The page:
Taliban admit holding informal Afghan talks in Norway
KABUL - Agence France-Presse
In this Thursday, May 21, 2015 file photo, local militia group fighters walk past a building torched by Taliban fighters at Talawka village in Kunduz province, north of Kabul, Afghanistan. AP PhotoThe Taliban on June 5 admitted taking part in informal talks in Norway with an Afghan delegation, reportedly made up of women, signalling a nascent dialogue despite an escalating militant offensive.
Official efforts to reopen peace negotiations with the Taliban have so far borne little fruit but informal talks, involving Afghans from varied political backgrounds, have occurred in the recent past behind a veil of secrecy.
Norway on June 4 said it was hosting a new round of talks between Taliban representatives and members of Afghan society, with media saying the dialogue was focused on women's rights in Afghanistan.
"A political delegation from the Islamic Emirate met members of Afghan civil society in Norway -- to hear their views and to consult them on ending the occupation of Afghanistan by invading forces," said Taliban spokesman Zabihullah Mujahid, using the group's official name.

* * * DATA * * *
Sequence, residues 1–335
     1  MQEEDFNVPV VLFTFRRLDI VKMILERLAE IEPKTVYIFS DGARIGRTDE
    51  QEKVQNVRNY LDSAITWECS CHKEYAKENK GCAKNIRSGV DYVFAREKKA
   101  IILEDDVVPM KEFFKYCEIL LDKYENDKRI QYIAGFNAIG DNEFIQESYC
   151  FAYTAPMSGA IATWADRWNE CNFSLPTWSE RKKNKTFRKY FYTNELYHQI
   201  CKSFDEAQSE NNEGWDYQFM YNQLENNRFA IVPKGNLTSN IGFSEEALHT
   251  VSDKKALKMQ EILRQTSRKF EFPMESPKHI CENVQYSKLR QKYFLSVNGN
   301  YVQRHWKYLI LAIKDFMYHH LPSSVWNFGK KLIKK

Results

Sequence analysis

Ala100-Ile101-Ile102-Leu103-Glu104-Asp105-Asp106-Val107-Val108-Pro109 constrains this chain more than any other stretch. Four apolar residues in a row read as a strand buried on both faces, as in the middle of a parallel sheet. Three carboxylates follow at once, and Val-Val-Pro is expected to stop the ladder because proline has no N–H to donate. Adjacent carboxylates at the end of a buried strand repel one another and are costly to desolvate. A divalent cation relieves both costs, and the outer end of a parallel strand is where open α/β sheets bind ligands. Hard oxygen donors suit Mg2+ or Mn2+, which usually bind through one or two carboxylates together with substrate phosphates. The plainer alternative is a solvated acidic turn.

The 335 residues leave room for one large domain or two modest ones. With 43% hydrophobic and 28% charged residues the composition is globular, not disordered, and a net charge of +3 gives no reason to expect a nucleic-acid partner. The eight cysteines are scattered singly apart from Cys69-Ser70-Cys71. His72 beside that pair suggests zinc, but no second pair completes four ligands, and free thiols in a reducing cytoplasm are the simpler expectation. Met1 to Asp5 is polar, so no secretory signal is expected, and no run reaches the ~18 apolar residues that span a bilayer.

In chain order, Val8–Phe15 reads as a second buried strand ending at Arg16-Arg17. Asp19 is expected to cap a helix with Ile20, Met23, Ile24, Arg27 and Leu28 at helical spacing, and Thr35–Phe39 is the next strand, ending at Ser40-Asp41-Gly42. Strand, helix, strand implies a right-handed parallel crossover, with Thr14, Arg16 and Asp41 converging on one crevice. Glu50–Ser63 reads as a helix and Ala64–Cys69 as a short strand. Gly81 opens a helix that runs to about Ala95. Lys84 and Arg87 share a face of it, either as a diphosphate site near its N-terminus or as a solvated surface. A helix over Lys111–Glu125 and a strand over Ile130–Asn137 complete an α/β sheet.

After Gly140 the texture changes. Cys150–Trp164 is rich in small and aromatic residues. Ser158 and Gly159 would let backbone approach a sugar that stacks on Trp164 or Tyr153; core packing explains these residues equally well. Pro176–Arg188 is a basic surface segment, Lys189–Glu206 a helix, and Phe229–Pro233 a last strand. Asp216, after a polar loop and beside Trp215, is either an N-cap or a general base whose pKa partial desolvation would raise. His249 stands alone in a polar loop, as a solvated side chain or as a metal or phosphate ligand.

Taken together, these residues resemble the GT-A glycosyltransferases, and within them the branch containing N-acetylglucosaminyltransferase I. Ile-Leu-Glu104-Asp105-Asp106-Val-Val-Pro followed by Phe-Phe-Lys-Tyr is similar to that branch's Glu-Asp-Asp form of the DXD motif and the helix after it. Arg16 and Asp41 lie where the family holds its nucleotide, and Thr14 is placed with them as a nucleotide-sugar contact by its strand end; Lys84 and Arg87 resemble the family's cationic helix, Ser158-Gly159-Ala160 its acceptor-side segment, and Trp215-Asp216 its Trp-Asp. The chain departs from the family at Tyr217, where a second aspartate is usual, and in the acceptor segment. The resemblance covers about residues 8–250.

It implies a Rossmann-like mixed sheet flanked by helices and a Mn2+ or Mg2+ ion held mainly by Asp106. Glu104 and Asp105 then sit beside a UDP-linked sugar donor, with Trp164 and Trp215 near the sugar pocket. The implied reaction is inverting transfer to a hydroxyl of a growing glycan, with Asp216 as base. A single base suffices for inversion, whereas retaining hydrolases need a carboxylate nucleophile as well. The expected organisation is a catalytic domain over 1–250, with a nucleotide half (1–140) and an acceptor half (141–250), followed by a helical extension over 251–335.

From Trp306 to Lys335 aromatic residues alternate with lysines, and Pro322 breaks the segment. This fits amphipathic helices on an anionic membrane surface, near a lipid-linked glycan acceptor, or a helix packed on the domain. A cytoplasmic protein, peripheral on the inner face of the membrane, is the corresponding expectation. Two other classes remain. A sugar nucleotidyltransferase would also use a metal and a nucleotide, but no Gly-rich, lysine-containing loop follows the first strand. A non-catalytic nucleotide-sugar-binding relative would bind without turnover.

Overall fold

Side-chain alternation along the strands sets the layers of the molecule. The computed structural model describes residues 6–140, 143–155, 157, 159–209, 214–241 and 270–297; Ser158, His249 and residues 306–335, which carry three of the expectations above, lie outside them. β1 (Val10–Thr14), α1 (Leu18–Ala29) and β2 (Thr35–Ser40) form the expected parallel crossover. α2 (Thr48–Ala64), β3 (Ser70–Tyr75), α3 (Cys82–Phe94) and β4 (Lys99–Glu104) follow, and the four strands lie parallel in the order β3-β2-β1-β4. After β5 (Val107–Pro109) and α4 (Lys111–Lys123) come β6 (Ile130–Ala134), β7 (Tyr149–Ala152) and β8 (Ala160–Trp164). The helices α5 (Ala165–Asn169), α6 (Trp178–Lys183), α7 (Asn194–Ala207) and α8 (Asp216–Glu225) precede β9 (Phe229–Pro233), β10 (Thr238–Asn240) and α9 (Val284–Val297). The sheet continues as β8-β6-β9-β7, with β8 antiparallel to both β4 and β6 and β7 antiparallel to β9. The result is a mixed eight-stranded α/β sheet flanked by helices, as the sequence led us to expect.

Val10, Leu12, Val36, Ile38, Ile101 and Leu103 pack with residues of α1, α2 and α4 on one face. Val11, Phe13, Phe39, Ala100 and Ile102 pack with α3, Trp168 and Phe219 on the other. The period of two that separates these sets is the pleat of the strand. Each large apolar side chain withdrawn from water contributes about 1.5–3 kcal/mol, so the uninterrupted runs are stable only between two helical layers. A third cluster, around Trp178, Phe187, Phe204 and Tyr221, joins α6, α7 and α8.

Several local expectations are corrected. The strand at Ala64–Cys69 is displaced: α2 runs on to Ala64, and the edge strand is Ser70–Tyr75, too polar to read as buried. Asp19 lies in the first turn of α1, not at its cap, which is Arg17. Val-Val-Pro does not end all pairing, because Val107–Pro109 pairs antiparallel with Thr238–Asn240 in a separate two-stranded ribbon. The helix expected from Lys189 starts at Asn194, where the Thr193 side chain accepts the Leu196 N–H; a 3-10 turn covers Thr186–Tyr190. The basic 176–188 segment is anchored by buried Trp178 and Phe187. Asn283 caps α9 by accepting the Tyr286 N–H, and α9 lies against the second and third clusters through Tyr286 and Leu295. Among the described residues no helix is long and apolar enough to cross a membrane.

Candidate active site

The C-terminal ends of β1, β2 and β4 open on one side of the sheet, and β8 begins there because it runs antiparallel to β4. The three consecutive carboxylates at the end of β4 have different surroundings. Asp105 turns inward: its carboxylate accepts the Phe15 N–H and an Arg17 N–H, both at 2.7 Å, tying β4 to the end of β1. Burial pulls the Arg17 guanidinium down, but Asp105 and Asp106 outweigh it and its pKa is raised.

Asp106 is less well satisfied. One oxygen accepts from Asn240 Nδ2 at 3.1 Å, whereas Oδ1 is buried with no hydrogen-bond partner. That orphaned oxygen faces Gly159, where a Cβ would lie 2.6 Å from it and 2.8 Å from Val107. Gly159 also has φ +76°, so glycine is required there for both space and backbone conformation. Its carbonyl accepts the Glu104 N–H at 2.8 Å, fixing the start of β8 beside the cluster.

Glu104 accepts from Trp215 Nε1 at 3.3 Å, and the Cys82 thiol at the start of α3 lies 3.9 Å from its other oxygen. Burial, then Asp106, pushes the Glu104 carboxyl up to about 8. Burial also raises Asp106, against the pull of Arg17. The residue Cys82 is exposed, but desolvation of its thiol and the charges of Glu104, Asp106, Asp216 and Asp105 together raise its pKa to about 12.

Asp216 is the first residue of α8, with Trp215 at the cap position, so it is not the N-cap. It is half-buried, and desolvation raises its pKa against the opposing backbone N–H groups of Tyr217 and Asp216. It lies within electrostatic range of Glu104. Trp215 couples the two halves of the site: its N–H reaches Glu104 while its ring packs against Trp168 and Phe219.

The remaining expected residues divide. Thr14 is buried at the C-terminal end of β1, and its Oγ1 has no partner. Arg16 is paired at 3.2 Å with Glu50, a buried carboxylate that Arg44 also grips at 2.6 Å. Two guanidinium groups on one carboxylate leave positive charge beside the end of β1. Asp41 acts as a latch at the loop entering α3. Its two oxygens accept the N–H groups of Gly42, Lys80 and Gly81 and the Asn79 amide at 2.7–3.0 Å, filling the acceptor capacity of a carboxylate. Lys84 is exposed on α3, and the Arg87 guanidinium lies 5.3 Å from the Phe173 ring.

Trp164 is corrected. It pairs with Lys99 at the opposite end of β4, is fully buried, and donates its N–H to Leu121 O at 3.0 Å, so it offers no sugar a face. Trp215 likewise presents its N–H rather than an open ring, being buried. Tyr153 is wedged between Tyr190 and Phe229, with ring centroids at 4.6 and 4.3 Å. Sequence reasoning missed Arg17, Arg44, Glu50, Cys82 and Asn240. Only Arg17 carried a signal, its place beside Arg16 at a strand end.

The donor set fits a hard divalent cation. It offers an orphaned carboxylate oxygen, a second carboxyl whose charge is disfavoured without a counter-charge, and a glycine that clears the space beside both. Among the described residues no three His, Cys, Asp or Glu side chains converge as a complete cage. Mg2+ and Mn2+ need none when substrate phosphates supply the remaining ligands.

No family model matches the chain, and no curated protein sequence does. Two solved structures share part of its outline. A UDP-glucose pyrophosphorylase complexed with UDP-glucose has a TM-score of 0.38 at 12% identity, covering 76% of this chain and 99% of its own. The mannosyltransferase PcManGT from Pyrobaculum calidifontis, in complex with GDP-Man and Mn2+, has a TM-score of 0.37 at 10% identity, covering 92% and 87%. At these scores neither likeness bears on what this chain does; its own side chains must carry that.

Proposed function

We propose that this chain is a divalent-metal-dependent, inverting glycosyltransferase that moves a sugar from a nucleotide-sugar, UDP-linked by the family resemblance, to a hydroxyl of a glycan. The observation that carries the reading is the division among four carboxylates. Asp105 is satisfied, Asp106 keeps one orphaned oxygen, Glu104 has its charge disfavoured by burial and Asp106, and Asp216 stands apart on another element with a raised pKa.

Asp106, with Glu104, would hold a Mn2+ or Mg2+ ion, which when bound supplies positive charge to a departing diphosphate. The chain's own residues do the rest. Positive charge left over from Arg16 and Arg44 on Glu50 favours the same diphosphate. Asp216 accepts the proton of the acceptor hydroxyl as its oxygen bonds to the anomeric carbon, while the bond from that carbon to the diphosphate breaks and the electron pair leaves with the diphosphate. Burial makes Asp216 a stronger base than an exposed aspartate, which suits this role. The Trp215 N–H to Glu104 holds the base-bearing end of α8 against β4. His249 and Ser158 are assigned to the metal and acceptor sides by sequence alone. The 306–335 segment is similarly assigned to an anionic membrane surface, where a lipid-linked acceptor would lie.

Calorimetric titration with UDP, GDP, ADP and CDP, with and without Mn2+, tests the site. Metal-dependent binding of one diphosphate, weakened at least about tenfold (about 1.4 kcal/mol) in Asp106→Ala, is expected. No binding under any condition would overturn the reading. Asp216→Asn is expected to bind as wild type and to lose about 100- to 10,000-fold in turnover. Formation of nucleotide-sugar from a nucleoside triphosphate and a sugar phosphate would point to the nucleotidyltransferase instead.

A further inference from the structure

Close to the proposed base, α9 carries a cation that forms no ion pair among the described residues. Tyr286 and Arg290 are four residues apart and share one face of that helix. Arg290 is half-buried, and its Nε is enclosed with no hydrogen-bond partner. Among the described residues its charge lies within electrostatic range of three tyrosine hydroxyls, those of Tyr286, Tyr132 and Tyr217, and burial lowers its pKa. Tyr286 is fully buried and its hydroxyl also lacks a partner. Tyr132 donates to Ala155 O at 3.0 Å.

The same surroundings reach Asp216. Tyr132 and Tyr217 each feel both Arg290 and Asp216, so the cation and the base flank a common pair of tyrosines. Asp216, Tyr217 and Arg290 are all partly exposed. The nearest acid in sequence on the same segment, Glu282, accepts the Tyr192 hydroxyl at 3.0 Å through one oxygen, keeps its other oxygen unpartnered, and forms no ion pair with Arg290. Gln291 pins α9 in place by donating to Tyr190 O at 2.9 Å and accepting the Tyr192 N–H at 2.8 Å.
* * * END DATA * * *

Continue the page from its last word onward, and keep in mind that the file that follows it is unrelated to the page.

"Such meetings do not imply peace talks," he added in a statement, without offering any further details.
In last month's informal talks in Qatar, the Taliban, condemned for their misogynistic ideology and lack of respect for human rights, pledged support for women's education and their right to work in "male-dominated professions", activists said.
But those revelations prompted scepticism from some Afghan women's rights activists, who accused the Taliban of phony assurances.
Afghan media said two female members of Afghanistan's High Peace Council (HPC), Hawa Alam Nuristani and Seddiqa Balkhi, and two female lawmakers, Fawzia Koofi and Shukria Barekzai, were part of the delegation in Oslo.
But the HPC, the government's top peace negotiating body, distanced itself from the talks, saying it was not aware of any meeting in Norway.
"It is still unclear what will be the agenda," Afghanistan's 1TV news quoted lawmaker Koofi as saying before the talks.
"However, the issue of women's rights and their role in peace process and after negotiations are most likely."
Women were brutally consigned to the shadows during the Taliban's 1996-2001 rule in Afghanistan, denied basic human rights and not allowed to leave their homes without a male chaperone.
Afghan authorities have repeatedly tried to jumpstart talks with the Taliban in the hope of ending a 13-year conflict, but the militants have set tough conditions, including the withdrawal of all foreign troops in Afghanistan.
The militants have intensified their annual spring offensive, stepping up attacks on government and foreign targets in what is expected to be the bloodiest fighting season in a decade.
The Norway talks were scheduled to conclude on June 5, Norwegian public radio and television NRK reported.